Monday, February 20, 2012

New Semester

A new semester has been in full swing for the past few weeks at school, and of course I got a new AP Lang teacher: Mr. Jackson.  I prefer Mrs. West, but he's not that bad. 
We're currently working on another book analysis, and I'm doing another Maya Angelou novel from her biography series.  This one is called "All God's Children Need Traveling Shoes".  I'm not very religious my self, but its a great book so far, and I can honestly say that Ms. Angelou has become one of my all time favorite authors, and my own personal hero :)

Monday, November 14, 2011

It's been a while.....

It has been a while since I've put anything out here about my AP Lang class. 

So what we've been doing recently is working on a paper Mrs. West calls our Profile Papers.  We're all writing papers our the future job and/or collage we want to have or attend to.  We are currently working on compiling the research part, and I will be conducting my interview tonight. 

I'm actually supposed to be working on compiling the research right now, so I should probably get back to that. 
Happy Blogging!

Friday, October 14, 2011

My AP Lang Book

So we have to pick a book to read and do a report on, and it must be non-fiction.  I picked "I Know Why the Caged Bird Sings" by Maya Angelou.
I picked this book because:
#1 it was on the list, and I knew it would fit the standards
#2 I like personal, in-depth things that people write.  It helps shape my own opinion and see through someone else's eyes
#3 I knew it would be something like this just by the title, and that's what really attracted me to it
#4 I know how it feels to be oppressed
#5 Maya Angelou is one of the most refferenced authors EVER

Monday, October 10, 2011

Why do I write? By: Me

Before I get going on this, I just want to say, it took me ages to answer such a simple question.  If you were to see the crossings out and annotations all over the draft, you'd be shocked.

Why do I write? I write to ask questions, and answer them.  I write to re-shape things.  I write to turn heads and change minds, to persuade and instigate.  I write to feel like I'm somebody, to pretend I'm a better person than I am; maybe I'm slimmer, smarter, or a crime-fighter.  I write to do and be anything.  
I write to ease my pain, to heighten my joys, to create a better escape my own harsh reality.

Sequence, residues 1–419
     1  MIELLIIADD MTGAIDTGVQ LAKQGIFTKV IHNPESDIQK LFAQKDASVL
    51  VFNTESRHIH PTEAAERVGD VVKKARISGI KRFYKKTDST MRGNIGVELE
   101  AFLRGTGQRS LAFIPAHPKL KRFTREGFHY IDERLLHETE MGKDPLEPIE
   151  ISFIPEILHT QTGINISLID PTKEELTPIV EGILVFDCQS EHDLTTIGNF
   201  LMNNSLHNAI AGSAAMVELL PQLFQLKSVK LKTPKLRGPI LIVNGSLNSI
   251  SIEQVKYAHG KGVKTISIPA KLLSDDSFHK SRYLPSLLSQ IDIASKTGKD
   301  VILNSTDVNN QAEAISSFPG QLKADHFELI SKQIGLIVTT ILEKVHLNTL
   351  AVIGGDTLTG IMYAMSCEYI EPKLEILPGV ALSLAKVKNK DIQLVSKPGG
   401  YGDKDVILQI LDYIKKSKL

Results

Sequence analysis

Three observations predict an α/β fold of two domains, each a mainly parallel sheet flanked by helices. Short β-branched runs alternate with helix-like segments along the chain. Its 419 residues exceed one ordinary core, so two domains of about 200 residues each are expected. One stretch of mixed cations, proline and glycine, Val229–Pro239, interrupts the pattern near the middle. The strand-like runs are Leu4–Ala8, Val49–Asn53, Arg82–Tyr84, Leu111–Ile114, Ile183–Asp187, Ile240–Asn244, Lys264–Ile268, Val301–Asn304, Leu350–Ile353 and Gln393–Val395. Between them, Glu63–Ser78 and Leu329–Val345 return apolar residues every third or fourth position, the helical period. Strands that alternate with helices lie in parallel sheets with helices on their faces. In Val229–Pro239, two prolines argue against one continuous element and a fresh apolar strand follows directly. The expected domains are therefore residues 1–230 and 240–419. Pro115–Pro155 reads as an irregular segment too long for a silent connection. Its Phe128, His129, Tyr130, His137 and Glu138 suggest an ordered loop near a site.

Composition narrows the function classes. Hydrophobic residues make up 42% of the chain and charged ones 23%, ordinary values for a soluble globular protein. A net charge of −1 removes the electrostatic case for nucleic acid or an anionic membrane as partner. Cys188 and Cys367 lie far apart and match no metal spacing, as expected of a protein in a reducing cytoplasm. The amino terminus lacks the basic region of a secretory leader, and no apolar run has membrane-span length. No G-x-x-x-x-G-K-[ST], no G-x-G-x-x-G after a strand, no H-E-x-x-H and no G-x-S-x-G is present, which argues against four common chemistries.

Writing makes me feel like a god.  I control what happens next, who goes where, who lives, who dies, everything.  When I write, I am in control of fate.  
When I write, I can make the seemingly impossible a reality.  When I write, there is a cure for Cancer, love always prevails, life is how I wish it was....everyone I love that has died is still alive, there is no such thing as hate, and everyone has basic human compassion.  (Now a days, that seems like to much to ask for.) 
Writing is like my drug; it numbs me and I pretend I am somewhere else when things are bad.  
When I write, it's like an entire movie, full detail and action flowing from my soul and through my fingertips; my characters leap out of my head and become something real. 
I write to educate, inform, and inspire you to think "What if...?"  I can make you feel anything when I write.  I can make you stand right along side the hero as he commits a crime of passion, I can make you spectate an entire battle, I can make you feel the pain of death, the estecy of love, the betrayal of a friend--all with out you ever leaving current location. 
I write to make magic in the hearts of others.  I write to feel free, I write to feel....real.  I write to feel like I'm not just having some overly long, crazily realistic dream.  I write to be me.
I write to do all this, and to make myself and others see through someone else's eyes, and feel through their heart.

Sunday, October 9, 2011


So from the National Writing Project, I picked the twin brothers Al Mills and Nnamdi Chukwuocha.  They each wrote a poem about why they write, and.... both poems were absolutely beautiful.  I teared up a bit for both, they were just that moving.  True, neither used big words, or other fancy bits of language, but I feel like that's what made it better for me.  It was very heart-felt, but conversational.  It felt personal, and I feel like that's why their writings moved me they way they did.  they both discussed the way that people are easily screwed over where they're from, and the intentions are usually innocent to begin with. 

To find these excellent writings go to this link:


When I first read "And then I Read," I actually felt kind of sorry for Myers.  I felt bad because he wanted to go to collage, and when he realized that money would be an obstacle, he just gave up, and dropped out of High School.  It made me a bit sad inside to know he just gave up hope like that.  I did feel better in knowing that he did eventually go to collage, and I couldn't help but share his pride. 

After reading "Why I Write" by Orwell, I really felt a connection.  I felt like he described MY childhood in a way.  I haven't done writing for the school paper, and I defiantly wasn't alive for WW1, but I was "that kid" too.  I had doesn't of imaginary friends, I liked to read, write, and tell stories.  I could memorize the lines of entire movies, and recite them back to anyone that asked.
 I did alot of the things he did, and his write really hit home for me.  I could connect with it.

I also really liked "Why I Write" by Williams.  I know many people in my class didn't like her repetition, but I really liked it.  It gave off a poetic, passionate tone, and that type thing appeals to me.  I also liked all the deep comparisons such as "I write knowing I can be killed by my own words, stabbed by syntax, crucified by both understanding and misunderstanding."  She is speaking metaphorically of course, but still.  I like it.